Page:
The researchers grouped 324 local authorities into 5 categories (quintiles) based on their level of income deprivation with Quintile 1 being the most affluent and Quintile 5 the most deprived. A statistical model was then used to quantify the association between regional changes in child poverty and infant mortality during the same period.

The researchers found that sustained and unprecedented rise in infant mortality in England from 2014-2017 was not experienced evenly across the population. In the most deprived local authorities, the previously declining trend in infant mortality reversed and mortality rose, leading to an additional 24 infant deaths per 100,000 live births per year, relative to the previous trend.

There was no significant change from the pre-existing trend in the most affluent local authorities. As a result, inequalities in infant mortality increased, with the gap between the most and the least deprived local authority areas widening by 52 deaths per 100,000 births. Overall from 2014-2017, there were a total of 572 excess infant deaths compared to what would have been expected based on historical trends. The researchers estimate that each 1% increase in child poverty was significantly associated with an extra 5.8 infant deaths per 100,000 live births.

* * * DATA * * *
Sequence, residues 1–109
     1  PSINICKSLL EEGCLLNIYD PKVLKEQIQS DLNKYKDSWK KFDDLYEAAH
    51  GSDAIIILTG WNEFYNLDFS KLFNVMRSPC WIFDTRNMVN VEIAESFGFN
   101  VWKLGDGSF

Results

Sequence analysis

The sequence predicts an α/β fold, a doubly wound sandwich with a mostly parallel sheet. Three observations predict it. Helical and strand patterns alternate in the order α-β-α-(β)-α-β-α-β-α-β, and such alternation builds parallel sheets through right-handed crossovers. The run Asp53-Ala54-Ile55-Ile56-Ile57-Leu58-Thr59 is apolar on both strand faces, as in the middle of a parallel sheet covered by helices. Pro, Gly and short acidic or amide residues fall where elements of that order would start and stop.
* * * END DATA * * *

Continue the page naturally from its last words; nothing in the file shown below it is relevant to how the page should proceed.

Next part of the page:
The findings suggest that about a third of the increases in infant mortality between 2014 and 2017 may be attributed to rising child poverty, equivalent to an extra 172 infant deaths.

Professor David Taylor-Robinson, the lead author on the research, University of Liverpool, said: “This study provides evidence that the unprecedented rise in infant mortality disproportionately affected the poorest areas of the country, leaving the more affluent areas unaffected.

“Our analysis also linked the recent increase in infant mortality in England with rising child poverty, suggesting that about a third of the increase in infant mortality from 2014-17 may be attributed to rising child poverty.

“These findings are really concerning given that child poverty is rising. It is time for the government to reverse this trend establishing a welfare system that protects children from poverty.”

“We know that child poverty has a myriad of adverse impacts on other aspects of child health that will have repercussions for decades to come. In the context of increasing health inequalities in England, policies that reduce poverty and social inequalities are likely to reduce the occurrence of infant mortality and that of many other adverse child health outcomes.”

Dr Paul Norman, University of Leeds, said: “The data shows us an unprecedented rise in the deaths of children under one year of age, but our next step is to examine the gestational age and the number of weeks at which infants die, to learn more about when key interventions may be needed or when they are being missed. This will inform the urgent action needed by national and local governments, and help drive the health and social care policies needed to reduce infant mortality rates.”


By                    :               Eurasia Review

Date                 :               October 4, 2019

Source             :               Eurasia Review